After his release in 1997, he returned to Paris and enjoyed the life of a celebrity.
Charles Sobhraj was born in troubled times to an Indian father and a Vietnamese mother in Saigon. He went to live in France after his mother married a French officer, but his heart beat for the rough streets of the home he knew.
Charismatic and charming to a fault, Sobhraj had always been a handsome man with big, alluring eyes and lips that begged for a kiss.
And he knew how to use them to his advantage.
Encouraged by the attention he received, his already delusional mind began thinking of ways to make money off his prison memoirs.
When journalist Andrew Anthony interviewed him for the Observer, he even boasted of his romantic exploits in Tihar.
He preferred intelligent women, he said, and slept with many of them, including his lawyer, Sneh Senger.
After his first wife, Chantal Compagnon, was released and moved with their daughter to America, she was eventually replaced by a French-Canadian woman named Marie-Andrée Leclerc.
Quiet and emotionally needy, she soon became his mistress and accomplice.
In 1975, Sobhraj and Leclerc were staying at a resort in Pattaya, when Sobhraj met Ajay Chowdhury. He moved in with them and what followed was a killing spree.
Fluent in several languages, the conman had the perfect plan.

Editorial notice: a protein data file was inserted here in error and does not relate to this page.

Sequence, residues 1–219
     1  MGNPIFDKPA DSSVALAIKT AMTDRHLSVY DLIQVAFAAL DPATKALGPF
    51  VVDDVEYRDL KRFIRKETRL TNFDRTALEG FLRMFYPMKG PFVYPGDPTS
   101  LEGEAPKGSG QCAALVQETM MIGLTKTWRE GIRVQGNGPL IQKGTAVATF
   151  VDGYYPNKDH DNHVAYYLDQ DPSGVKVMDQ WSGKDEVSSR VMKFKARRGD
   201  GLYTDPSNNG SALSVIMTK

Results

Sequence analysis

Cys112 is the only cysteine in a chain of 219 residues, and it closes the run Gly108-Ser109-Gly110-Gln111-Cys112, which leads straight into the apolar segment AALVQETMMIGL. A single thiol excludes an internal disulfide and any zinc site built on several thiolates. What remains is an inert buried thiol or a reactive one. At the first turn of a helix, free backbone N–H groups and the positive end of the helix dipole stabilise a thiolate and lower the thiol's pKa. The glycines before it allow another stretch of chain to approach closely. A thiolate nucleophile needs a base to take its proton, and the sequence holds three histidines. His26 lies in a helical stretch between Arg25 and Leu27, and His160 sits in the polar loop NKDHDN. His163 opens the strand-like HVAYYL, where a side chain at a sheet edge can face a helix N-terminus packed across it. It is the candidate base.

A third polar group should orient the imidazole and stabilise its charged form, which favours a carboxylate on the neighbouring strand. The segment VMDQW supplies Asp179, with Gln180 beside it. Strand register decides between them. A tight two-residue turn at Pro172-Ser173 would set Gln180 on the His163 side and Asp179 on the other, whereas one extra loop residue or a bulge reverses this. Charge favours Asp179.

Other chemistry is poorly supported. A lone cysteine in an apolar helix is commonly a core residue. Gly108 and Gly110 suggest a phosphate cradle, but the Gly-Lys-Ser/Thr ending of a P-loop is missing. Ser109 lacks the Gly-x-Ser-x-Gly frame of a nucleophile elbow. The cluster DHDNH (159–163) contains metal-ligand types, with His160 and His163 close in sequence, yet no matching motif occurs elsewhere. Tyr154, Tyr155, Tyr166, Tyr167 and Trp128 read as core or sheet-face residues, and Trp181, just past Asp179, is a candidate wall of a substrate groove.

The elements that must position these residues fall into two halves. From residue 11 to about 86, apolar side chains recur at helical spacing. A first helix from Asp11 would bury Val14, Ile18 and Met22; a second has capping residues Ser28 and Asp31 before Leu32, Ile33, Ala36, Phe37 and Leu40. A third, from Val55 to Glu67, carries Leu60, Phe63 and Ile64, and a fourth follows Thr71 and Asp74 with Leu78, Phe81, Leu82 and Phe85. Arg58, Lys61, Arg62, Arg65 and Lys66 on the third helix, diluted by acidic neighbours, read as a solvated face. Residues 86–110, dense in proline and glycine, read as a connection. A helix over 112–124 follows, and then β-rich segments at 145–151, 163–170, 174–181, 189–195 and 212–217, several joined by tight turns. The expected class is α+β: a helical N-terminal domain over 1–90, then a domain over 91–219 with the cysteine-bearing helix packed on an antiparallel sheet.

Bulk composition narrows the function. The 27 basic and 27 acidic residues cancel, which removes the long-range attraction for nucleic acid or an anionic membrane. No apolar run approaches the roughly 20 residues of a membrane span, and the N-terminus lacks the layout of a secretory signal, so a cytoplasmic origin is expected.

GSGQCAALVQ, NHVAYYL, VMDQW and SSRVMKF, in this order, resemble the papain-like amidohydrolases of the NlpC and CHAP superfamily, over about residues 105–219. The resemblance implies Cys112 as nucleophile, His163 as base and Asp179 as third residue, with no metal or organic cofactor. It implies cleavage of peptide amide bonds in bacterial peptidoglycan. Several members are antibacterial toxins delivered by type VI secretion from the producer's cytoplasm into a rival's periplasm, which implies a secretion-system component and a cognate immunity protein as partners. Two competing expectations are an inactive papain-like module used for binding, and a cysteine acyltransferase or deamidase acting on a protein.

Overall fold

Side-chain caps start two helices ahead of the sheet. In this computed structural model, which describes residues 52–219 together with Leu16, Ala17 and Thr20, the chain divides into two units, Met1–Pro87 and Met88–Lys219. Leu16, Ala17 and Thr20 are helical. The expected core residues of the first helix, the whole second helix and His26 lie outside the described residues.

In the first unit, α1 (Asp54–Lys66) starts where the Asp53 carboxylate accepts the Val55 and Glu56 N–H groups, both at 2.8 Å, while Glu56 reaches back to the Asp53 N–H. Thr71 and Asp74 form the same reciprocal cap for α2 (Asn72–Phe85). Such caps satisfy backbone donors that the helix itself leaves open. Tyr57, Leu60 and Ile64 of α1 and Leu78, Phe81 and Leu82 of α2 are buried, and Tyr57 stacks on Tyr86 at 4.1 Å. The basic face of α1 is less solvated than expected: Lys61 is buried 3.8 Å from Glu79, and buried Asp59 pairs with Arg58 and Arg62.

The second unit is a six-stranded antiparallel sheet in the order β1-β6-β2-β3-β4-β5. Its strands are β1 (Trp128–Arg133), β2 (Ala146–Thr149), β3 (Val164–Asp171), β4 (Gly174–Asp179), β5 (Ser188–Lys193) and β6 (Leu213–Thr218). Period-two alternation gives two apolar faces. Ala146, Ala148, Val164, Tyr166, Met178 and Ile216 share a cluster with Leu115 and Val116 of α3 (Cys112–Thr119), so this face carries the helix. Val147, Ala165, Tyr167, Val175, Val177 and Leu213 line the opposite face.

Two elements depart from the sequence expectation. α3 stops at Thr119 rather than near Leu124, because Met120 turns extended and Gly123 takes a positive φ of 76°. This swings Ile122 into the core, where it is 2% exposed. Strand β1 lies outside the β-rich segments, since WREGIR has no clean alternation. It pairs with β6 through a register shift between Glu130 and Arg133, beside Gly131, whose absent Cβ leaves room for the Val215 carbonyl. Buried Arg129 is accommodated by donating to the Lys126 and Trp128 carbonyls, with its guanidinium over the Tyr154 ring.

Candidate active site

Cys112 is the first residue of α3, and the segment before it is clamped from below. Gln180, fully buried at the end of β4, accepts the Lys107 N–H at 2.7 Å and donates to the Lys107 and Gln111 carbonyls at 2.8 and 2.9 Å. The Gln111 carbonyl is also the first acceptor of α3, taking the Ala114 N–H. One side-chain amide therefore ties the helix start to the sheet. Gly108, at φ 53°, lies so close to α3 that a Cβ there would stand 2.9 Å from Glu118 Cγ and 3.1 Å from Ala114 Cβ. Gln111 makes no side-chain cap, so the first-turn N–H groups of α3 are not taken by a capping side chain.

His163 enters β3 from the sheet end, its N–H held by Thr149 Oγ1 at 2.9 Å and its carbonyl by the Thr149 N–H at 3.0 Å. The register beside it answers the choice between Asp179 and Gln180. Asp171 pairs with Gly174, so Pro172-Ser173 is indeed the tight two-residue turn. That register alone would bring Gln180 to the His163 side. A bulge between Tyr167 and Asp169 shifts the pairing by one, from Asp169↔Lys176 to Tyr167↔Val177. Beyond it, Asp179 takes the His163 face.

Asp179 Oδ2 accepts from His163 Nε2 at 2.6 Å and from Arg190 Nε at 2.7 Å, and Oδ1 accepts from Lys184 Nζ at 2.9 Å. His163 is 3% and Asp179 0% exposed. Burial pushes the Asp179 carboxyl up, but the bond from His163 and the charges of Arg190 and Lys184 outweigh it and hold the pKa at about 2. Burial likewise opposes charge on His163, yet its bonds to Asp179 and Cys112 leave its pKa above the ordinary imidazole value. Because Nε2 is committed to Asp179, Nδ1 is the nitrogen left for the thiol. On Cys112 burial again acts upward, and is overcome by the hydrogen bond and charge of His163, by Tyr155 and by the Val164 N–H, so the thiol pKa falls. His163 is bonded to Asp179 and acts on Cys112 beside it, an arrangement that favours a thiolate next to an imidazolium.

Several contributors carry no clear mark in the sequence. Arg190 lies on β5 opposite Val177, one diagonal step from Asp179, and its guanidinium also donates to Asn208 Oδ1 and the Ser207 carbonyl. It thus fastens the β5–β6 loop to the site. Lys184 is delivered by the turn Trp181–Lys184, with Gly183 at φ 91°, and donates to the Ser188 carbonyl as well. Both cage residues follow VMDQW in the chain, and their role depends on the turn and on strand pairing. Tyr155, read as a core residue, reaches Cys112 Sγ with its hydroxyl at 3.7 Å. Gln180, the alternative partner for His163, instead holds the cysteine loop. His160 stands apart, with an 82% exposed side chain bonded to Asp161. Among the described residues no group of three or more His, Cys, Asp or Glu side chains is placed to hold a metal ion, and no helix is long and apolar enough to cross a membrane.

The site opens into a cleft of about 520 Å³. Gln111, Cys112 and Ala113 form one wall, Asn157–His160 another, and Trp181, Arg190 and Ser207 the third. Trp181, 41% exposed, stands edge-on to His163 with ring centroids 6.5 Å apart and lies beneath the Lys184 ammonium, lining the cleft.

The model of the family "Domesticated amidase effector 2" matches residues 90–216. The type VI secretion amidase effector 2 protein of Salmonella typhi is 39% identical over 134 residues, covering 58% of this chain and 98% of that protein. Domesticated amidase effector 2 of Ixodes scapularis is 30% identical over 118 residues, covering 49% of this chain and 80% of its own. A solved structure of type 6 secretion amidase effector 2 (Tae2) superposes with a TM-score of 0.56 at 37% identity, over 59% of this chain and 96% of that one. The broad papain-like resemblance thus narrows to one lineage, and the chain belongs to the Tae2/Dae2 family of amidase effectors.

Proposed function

Befriending young (probably stoned) trusting backpackers he found along the hippie trail through Thailand, Nepal and India, he would pose as their knight in shining armour.
He’d advise them on where to eat and how to buy gemstones, and sometimes even put them up at his Bangkok apartment.
His victims, at least 10 of them, probably thought of Charles Sobhraj as the kindest man in the world before he drugged them, drove them to the countryside and killed them, disfiguring their corpses after.
Pocketing their belongings and identities, he would then travel the world using their passports and money.
The first known victim was Teresa Knowlton, whose body was found burned on Pattaya Beach.
Jennie Bollivar was found drowned in a tidal pool in the Gulf of Thailand wearing a flower-patterned bikini.
Vitali Hakim’s body was found burned on the road to the Pattaya resort.
Soon after his girlfriend, Charmayne Carrou, came looking for him, she was found drowned wearing a flower-patterned bikini similar to Bollivar’s.